Friday, March 26, 2010

UBA 4.0

We don't see trees grow or notice ourselves aging each day, but these things happen. Sometimes slowly. Sometimes only when viewed through the lens of time. But things change.

Associations, like trees, change, grow, develop over time. Take UBA, for example. UBA has gone through three distinct stages in her 170 history (yes, UBA was begun in 1840 and is 170 years old this year).

UBA 1.0 -- In the beginning was the church, or churches to be more accurate. Three churches joined together to form Union Baptist Association. Associations were formed for several reasons: to promote Baptist understanding of doctrine and Baptist church polity [our Baptist identity], to provide fellowship, to encourage starting new churches and to promote benevolent work.

When UBA began there were no national or state conventions and no agencies. They came later. As they developed, the focus shifted from the association and the local church to conventions and agencies. This led to the next stage of associational life for associations.

UBA 2.0 -- As national agencies developed, the focus shifted from the local church to the state convention and national agency. National agencies began developing programs to be implemented by churches all across the convention. Baptist churches became standardized. It didn't matter if your church was in California or the Carolinas, it was like virtually every other Baptist church. Local associations became implementers of national programs at the local level. The primary purpose of the association was to help produce good Baptists.

Houston is a city of entrepreneurs. Innovation, creativity and risk-taking are accepted, even encouraged and highly rewarded. The leaders of UBA reflect the spirit of Houston. UBA helped start two major universities -- Baylor and Houston Baptist, Memorial Baptist Hospital (today part of the Memorial-Hermann system), Center for Counseling before Christian counseling was well-established, Union Baptist Foundation for starting churches, Baptist Mission Centers and Trinity Pines Conference Center. So it's no surprise that when church life began changing in the late 80s and early 90s, UBA began to change.

UBA 3.0 -- UBA transitioned from being a promoter of Baptist programs to a team of consultants for churches and community transformation in the mid 90s. Rick Warren once referred to UBA as transitioning from being a program-driven association to a purpose-driven association. UBA led the way in leadership development with programs like Young Leaders (later LeadersEdge) which was duplicated in associations across the country, church planting and community transformation. Mission Houston grew directly out of the community transformation initiative of UBA.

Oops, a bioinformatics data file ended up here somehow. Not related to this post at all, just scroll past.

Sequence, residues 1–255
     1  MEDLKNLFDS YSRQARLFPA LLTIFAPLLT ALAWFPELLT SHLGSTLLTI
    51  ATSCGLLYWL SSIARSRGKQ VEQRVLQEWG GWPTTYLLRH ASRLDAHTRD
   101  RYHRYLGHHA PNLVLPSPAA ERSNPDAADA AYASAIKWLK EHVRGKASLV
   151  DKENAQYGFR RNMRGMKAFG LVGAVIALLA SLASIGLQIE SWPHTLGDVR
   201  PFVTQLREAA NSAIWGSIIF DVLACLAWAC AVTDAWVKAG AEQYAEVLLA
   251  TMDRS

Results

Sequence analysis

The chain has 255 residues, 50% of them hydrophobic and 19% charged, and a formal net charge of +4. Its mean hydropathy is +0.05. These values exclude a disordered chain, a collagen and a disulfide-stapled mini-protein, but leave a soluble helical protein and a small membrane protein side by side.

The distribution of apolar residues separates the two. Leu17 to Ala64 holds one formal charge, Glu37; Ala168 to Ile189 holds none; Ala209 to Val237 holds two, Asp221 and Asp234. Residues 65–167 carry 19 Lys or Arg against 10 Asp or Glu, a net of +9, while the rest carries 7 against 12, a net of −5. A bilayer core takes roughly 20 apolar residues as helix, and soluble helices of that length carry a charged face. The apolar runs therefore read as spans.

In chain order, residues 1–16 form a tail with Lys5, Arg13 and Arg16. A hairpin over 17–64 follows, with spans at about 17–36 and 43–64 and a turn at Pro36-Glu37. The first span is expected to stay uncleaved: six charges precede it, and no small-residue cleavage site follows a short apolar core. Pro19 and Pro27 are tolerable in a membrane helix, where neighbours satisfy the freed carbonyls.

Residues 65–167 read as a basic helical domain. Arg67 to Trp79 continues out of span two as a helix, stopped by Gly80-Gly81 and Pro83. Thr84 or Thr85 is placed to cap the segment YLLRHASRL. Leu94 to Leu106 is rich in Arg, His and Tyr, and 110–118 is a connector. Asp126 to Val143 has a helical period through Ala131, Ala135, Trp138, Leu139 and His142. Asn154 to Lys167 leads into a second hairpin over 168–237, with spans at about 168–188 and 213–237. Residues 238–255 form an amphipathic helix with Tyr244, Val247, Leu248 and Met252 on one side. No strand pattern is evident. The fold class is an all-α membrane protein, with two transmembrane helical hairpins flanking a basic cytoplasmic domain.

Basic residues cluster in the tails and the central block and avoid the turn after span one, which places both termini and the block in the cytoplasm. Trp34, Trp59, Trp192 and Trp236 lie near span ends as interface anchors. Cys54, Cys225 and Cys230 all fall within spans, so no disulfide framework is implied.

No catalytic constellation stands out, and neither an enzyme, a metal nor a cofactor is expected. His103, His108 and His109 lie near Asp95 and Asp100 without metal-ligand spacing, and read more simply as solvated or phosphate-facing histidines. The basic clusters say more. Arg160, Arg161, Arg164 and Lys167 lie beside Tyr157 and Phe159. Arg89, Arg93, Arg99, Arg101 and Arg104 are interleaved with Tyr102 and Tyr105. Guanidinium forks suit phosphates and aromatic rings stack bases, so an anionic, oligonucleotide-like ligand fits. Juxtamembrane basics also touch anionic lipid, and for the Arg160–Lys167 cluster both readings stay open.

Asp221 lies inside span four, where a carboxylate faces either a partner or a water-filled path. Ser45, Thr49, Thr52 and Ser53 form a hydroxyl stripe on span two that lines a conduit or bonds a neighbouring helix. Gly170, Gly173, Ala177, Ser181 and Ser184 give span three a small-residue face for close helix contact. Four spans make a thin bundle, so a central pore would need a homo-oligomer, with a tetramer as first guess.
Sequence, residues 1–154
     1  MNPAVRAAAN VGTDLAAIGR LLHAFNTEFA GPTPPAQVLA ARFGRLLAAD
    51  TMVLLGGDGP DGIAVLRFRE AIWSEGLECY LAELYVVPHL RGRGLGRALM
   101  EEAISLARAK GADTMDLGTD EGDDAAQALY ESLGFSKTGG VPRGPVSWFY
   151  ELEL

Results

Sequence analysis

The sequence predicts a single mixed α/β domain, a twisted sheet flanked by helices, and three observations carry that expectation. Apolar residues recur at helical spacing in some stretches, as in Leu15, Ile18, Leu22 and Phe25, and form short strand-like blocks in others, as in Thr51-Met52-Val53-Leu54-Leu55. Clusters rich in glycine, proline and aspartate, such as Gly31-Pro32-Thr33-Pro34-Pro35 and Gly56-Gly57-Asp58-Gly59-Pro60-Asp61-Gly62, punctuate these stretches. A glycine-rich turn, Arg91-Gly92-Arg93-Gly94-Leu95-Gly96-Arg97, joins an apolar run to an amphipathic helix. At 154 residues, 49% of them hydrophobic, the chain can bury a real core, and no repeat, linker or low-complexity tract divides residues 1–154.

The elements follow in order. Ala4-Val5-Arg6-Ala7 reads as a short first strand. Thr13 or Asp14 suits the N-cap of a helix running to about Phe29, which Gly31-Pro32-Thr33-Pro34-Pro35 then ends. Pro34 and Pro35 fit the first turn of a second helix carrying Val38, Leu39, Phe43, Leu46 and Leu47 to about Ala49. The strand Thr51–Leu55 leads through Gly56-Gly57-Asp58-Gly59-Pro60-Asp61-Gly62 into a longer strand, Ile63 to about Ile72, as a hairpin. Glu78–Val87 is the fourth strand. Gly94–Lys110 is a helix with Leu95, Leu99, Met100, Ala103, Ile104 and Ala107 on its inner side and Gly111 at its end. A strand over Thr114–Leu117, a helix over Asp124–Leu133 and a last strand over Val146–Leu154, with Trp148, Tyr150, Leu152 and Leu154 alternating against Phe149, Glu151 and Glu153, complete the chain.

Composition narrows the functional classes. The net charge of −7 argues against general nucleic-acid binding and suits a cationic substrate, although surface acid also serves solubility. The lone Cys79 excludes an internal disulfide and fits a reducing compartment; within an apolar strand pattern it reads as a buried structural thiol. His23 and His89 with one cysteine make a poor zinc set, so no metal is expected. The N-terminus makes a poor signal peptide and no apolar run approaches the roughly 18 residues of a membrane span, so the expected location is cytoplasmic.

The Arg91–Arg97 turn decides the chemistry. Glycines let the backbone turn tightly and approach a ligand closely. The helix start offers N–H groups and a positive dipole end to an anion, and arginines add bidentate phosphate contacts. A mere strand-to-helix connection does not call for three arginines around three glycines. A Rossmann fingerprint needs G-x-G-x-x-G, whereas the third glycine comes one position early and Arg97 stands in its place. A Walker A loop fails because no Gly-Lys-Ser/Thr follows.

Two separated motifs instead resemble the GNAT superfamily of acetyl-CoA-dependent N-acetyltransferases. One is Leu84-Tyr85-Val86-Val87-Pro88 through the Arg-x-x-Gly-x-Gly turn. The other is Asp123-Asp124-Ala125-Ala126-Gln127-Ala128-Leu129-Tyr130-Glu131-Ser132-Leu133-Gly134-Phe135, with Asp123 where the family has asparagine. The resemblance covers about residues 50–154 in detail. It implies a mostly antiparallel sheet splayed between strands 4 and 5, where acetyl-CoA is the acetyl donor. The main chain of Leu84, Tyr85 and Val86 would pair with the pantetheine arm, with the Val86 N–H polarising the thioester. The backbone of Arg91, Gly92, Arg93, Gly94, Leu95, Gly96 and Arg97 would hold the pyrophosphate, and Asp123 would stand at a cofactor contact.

Beginning in 1965, Houston began to change dramatically. Prior to 1965 almost everyone that immigrated to the United States came from the British Isles and northern Europe. That meant they were predominantly white and Protestant, Catholic or Jew. American immigration laws changed in 1965 and the face (literally) of America has dramatically changed since, with Houston leading the way in this new diversity.

Houston has transitioned from being a bi-racial Southern city (1960) to being one of the most ethnically and culturally diverse cities in America. We've identified about 350 different ethnolinguistic people groups in Houston with 215 languages spoken. Four out of ten people living in Houston will not speak in English when they go home tonight. There are more Hispanics living in Harris County today than the total population of Harris County in 1960!

The folks moving into our neighborhoods from around the world are no longer predominantly white, Protestant or Jew. Many will be Catholic (often a syncretized version of Catholicism). More likely they will be Muslim, Buddhist, Hindu, animist, or of no religious faith whatsoever. This provides the greatest opportunity for world missions at a local level we have ever known. While our forefathers learned about missions in a study group, we can learn by doing it firsthand in our city. This is one of several reasons it may be time for UBA 4.0.

What might the next iteration of Union Baptist Association, what I'm calling UBA 4.0, look like? That's yet to be determined, but I believe it must focus on our Great Commission responsibilities.

Peter Drucker said every organization must answer two questions: what business are you in? and how's business? I believe churches are in the Great Commission business. We are in the business of making disciples of all peoples. If that's true, then how's business? (I addressed this a bit in my previous blog "A Parable Inverted.") The short answer is this -- "not good!"

If the Great Commission is the church's primary task, and if we are not doing that job very well, and if it is the function of the association to assist the church in fulfilling it's purpose, then maybe it's time for us to rethink the purpose and function of the association.

I continue to wonder what would happen if the association, UBA or any association, saw as it's primary purpose to mobilize churches to take on lostness - intentionally and persistently.

I think it's time for UBA 4.0. What do you think? Feel free to post your comments.

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